In talking of "Dissenters," I do not use the word in its present conventional sense as limited to sectaries professing Protestant Christianity different from the Church in this country; but in that broader sense, which the argument of the existing Dissenters requires; and I say, that if you admit Dissenters into the Universities, you admit them in that general character—namely, as non-members of the Established Church. A Dissenter is not merely a Baptist or an Independent: in common consistency, upon the principles now urged (however little it may be in the mind of the three denominations*) it must include the Roman Catholics as well as themselves; and every other form of worship; men of any creed, or of none.

Without any disrespect to the gentlemen who have signed this petition, I may be allowed to state, that they do not comprehend all the intelligence and all the principle of the University of Cambridge; and when they describe themselves as resident members of that University, the term, can scarcely in the utmost latitude of courtesy, be conceded to all of them; one at least never for many years having resided a week in Cambridge. I may add, that, admitting them all to be resident, they do not constitute one-third of the number actually resident; and, therefore, that, until one-third shall be greater than two-thirds, these sixty-three gentlemen can never be held to represent the University of Cambridge.

But these are minor points: whether all who have signed the petition, be resident or not, or what proportion the subscribers bear to the whole body, is, to my purpose, immaterial: my great objection to the concession now sought is, that * In the "Brief Statement of the case of Protestant Dissenters" which the Committee of Deputies of the three denominations of Dissenters have put forth, the grievance on this point is alleged to be "the exclusion of Protestant Dissenters from the "privileges of the Universities of Oxford and Cambridge. it would be destructive of the objects and the ends of the Universities. I have already stated, that it cannot be claimed on the ground that there was any identity of principle between any of the founders or benefactors of any one of the colleges, on the one side, and any one of the present Dissenters on the other: that it cannot be claimed on the ground, that the nation ever granted to the Universities the whole, or even the largest proportion of their existing possessions; or ever reserved any right either of resuming such grant, or of annexing any subsequent conditions to its continuance: that it cannot be claimed on the general ground that the Universities were ever at any time open to men of all religions, or of none. For the sake of argument, again I will concede every one of these points: but if I admit that the founders held the doctrines of the Dissenters;—if I admit that the Universities were never, till within the last three centuries, consecrated to the service of religion;—I still say, that, for those three centuries, the Universities have, by law, held those possessions for the great end and object of maintaining, by means of education, the connexion between the people of the land, and its religion. I contend, that this is the grand, essential, and exclusive character and design of the Universities.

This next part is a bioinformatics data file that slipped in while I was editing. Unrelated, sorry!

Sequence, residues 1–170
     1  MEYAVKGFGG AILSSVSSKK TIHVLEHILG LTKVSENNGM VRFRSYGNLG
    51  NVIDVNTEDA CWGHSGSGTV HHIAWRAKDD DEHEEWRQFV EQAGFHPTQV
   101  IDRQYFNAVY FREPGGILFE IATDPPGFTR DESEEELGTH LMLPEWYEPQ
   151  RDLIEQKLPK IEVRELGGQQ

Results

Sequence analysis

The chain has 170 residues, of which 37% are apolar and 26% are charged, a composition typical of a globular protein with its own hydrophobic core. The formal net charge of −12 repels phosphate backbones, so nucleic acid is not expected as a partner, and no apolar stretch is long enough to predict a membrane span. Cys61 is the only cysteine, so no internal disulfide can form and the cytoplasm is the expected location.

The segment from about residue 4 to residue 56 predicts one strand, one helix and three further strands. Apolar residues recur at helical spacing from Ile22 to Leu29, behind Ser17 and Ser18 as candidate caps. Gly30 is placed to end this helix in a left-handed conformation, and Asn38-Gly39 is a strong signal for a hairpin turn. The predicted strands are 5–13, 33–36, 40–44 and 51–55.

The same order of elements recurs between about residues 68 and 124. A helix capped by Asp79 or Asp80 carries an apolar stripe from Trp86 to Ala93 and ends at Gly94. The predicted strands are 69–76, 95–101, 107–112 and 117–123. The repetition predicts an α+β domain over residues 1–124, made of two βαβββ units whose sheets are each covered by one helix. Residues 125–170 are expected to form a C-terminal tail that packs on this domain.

My objection, then, to the concessions demanded is an objection founded upon this principle: the Universities are not mere localities of lectures; they are places of education. They are not, as they were described to be by my right hon. friend (Mr. Spring Rice) on the first day of this debate, and by the hon. member for Leeds (Mr. Baines) yesterday, like this House, places which ought to be open to all: and, therefore, the analogy by which they are compared to this House, and by which it has been attempted to defend the opening of the Universities to all classes of Dissenters, on the ground that this House has been equally opened, and that municipal corporations have been equally opened to Dissenters, cannot be sustained, inasmuch as the Universities are what this House is not, and never can be, a place of education. Retaining all my objections to the repeal of the Test Laws, I still see, that the case is much stronger against opening the Universities than it was against opening ordinary corporations. The Universities of England are not lecture-shops: but, as was stated in a late work, the Letter of Mr. Sewell on the admission of Dissenters to the Universities—one of the best pamphlets which I have ever read—a pamphlet which combines the most vigour and zeal with the most wisdom of any which I have lately seen—they are places of discipline and moral restraint. The foundation of our system of education is religion. We do not consider, that we have discharged our duties to the young men committed to us by giving them a lecture of an hour on chemistry, or a lecture of an hour on geology. The young men are not to go to us as they go to the Royal Institution, to the London Institution, or to the Liverpool Institution. We hold, that this is not education. We hold, that there is no education without religion: we hold that there is no religion without Christianity: we hold, that there is no Christianity without some definite form and standard. Religion is interwoven into the whole system of education in Oxford: Dominus Illuminatio mea, is the watchword of Oxford: it is the motto inscribed on the banner of the University. No eminence in science, no acquirements in classics, as I have already stated, will entitle any man to academical honours, unless he be first found competent to give satisfactory answers with regard to religious knowledge. On that subject, before he be examined on any other, his trial must be strict and accurate. I have reason to believe, that, in one college, the lectures connected with theology occupy nearly one-third of the time devoted to instruction: I have reason to know, that, in all it forms an essential part of instruction. Among the human means to which I look for the preservation of this country, there are none to which I turn with so much comfort and confidence as to the rising generation of English gentlemen, to the young men in our Universities. I believe, that, at no former period, could there be found an equal number combining equal talent, principle, and religion.